8 8 Rep. ITU-R SM.2092 Some data may be needed beyond what these Recommendations provide. This includes: the duty cycle of the systems; the geographic distribution and densities of the emitters including deployment densities; the antenna aiming or scanning for radiodetermination systems or Earth-to-space transmissions; the beam coverage for space-to-earth transmissions; relevant spectral masks; and antenna patterns. Not all of the required data may be available. for all items listed above. Assumptions may be necessary for some parameters. Other information such as deployment may require the development of models Box (2): Existing ITU documents This box refers to documents relevant to the selection of the appropriate passive service criteria for protection from interference. The various passive service criteria, each developed by the working party responsible for the respective passive services, serve as the input of diamond (a) on the flowchart. These Recommendations have been developed, over time, in order to assist other working parties dealing with active services in evaluating the potential for interference from their respective services into the passive services. The list of Recommendations to be considered is as follows: ITU-R Recommendations ITU-R RA.769: Protection criteria used for radio astronomical measurements ITU-R RA.1513: Levels of data loss to radio astronomy observations and percentage-of-time criteria resulting from degradation by interference for frequency bands allocated to the radio astronomy on a primary basis ITU-R RS.1028: Performance criteria for satellite passive remote sensing ITU-R RS.1029: Interference criteria for satellite passive remote sensing Box (3): Evaluate interference The function of this box is to allow for the passive service to generate a new sharing criterion based on the information provided from boxes (5) and (6). As an example, lower side-lobe levels might be assumed than the 0 dbi receive antenna gain figure currently assumed for the RAS. If this were the case, the process of re-calculating the sharing criteria would be done in box (3). To evaluate interference from non-gso FSS systems to stations in the RAS, the methodology of Recommendation ITU-R S.1586 should be used. Likewise, to evaluate interference from non-gso MSS and RNSS systems to stations in the RAS, the methodology of Recommendation ITU-R M.1583 should be used Boxes (4), (5) and (6): New information The function of the box is to accommodate new information brought into the sharing study while it proceeds through multiple iterations. An example of such a situation would be the making usage of RR Appendix 4 information submitted to the Radiocommunication Bureau (BR) in box (4) to justify the use of an in-band pfd less than the regulatory figure. Other information may consist of filter or antenna information in any of boxes (4), (5) and (6) that is brought into the process in order to close the gap. New information may also consist of additional input not considered previously,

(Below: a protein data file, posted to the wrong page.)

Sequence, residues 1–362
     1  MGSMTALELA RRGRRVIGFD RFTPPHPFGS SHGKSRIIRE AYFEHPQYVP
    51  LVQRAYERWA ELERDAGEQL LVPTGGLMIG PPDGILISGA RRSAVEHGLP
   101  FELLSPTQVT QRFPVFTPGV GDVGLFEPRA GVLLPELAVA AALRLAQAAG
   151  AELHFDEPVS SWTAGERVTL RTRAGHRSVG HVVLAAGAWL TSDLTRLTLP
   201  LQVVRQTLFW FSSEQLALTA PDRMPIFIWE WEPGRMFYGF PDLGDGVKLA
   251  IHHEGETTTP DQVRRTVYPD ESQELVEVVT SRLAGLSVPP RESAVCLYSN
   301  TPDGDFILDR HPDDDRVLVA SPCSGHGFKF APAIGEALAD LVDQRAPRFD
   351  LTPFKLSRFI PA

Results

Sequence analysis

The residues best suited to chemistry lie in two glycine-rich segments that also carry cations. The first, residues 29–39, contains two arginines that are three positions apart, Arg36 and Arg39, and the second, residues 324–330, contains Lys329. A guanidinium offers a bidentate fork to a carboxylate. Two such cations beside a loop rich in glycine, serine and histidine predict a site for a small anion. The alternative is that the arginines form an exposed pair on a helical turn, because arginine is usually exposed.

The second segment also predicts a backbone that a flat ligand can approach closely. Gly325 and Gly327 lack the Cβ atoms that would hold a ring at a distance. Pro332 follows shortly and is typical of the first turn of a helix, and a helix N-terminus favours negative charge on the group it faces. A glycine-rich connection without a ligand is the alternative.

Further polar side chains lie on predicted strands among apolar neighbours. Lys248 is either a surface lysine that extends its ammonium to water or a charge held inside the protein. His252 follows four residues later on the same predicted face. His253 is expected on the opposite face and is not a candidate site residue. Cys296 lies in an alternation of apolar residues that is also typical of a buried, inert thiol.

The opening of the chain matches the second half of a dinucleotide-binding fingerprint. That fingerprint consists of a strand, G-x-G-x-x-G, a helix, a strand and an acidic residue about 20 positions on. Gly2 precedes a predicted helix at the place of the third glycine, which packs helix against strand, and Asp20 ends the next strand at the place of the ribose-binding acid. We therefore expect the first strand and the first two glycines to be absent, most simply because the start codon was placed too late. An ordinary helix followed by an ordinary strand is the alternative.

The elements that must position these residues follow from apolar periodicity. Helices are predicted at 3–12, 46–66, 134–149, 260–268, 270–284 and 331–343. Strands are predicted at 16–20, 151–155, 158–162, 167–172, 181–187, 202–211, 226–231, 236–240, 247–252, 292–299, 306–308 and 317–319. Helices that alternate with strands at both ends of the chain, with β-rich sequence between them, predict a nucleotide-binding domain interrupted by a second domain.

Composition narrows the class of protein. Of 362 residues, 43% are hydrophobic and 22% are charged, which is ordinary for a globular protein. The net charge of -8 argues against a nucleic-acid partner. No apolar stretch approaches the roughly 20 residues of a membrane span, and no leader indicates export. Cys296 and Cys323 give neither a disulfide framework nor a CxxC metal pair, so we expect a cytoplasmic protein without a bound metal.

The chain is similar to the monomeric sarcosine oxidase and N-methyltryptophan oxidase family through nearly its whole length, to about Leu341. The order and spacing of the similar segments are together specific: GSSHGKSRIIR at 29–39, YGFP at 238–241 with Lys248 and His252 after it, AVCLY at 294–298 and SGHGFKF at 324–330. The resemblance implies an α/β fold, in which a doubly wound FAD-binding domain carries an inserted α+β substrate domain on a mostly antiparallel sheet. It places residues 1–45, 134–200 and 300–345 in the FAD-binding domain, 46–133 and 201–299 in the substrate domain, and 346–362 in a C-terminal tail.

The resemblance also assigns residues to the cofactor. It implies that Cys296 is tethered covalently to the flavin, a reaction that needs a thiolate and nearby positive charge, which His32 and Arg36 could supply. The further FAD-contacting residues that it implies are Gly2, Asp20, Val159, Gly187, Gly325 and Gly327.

9 Rep. ITU-R SM such as specific ITU-R Recommendations, regional recommendations, or regional standards. Examples for the relevant boxes are as follows: Box (4) At higher frequencies, transmit antenna patterns can have a significantly narrower beamwidth in order to maximize the power in a limited service area so as to increase throughput and overcome atmospheric effects. As a result, the majority of the surface of the Earth may receive an unwanted emission pfd level that is well below the detrimental level of the passive service. Instead of having the level applicable over the entire surface of the Earth, it may be possible to relax the level over a fraction of the Earth s surface. As a result, the probability that an RAS station will receive detrimental interference from a specific direction becomes very small. In the band GHz, Recommendation ITU-R S.1557 Operational requirements and characteristics of fixed-satellite service systems operating in the 50/40 GHz bands for use in sharing studies between the fixed-satellite service and the fixed service, contains parameters that may be used for studies relevant to this band. Box (5) Characteristics such as band-specific receive antenna patterns are characteristics that could be used to decrease the difference between the passive service detrimental interference level and the received unwanted emission level. Box (6) Many mitigation methods that may minimize the impact of the active service on the passive service are listed in Recommendation ITU-R SM In any specific case, only some of the mitigation methods listed may apply to the situation at hand. In applying certain mitigation methods, it may often be necessary to determine how the burden resulting from its application will be partitioned Box (i): Transmitter emission The purpose of this box is to establish the transmit in-band power density at the antenna flange General case Generally the value can be found by: p density = e. i. r. p. G (1) density t where: p density : transmit power density into the transmit antenna (db(w/hz)) e.i.r.p. density : transmit e.i.r.p. density (db(w/hz)) G t : transmission antenna gain (dbi). Transmit power density can also be computed as: p density = 10 log( p ) OBO 10 log( BW ) L (2) t nb c where: p t : OBO : BW nb : L c : transmission amplifier maximum rated power (W) output back off (db) necessary bandwidth (Hz) circuit loss between the transmission amplifier and transmission antenna (db).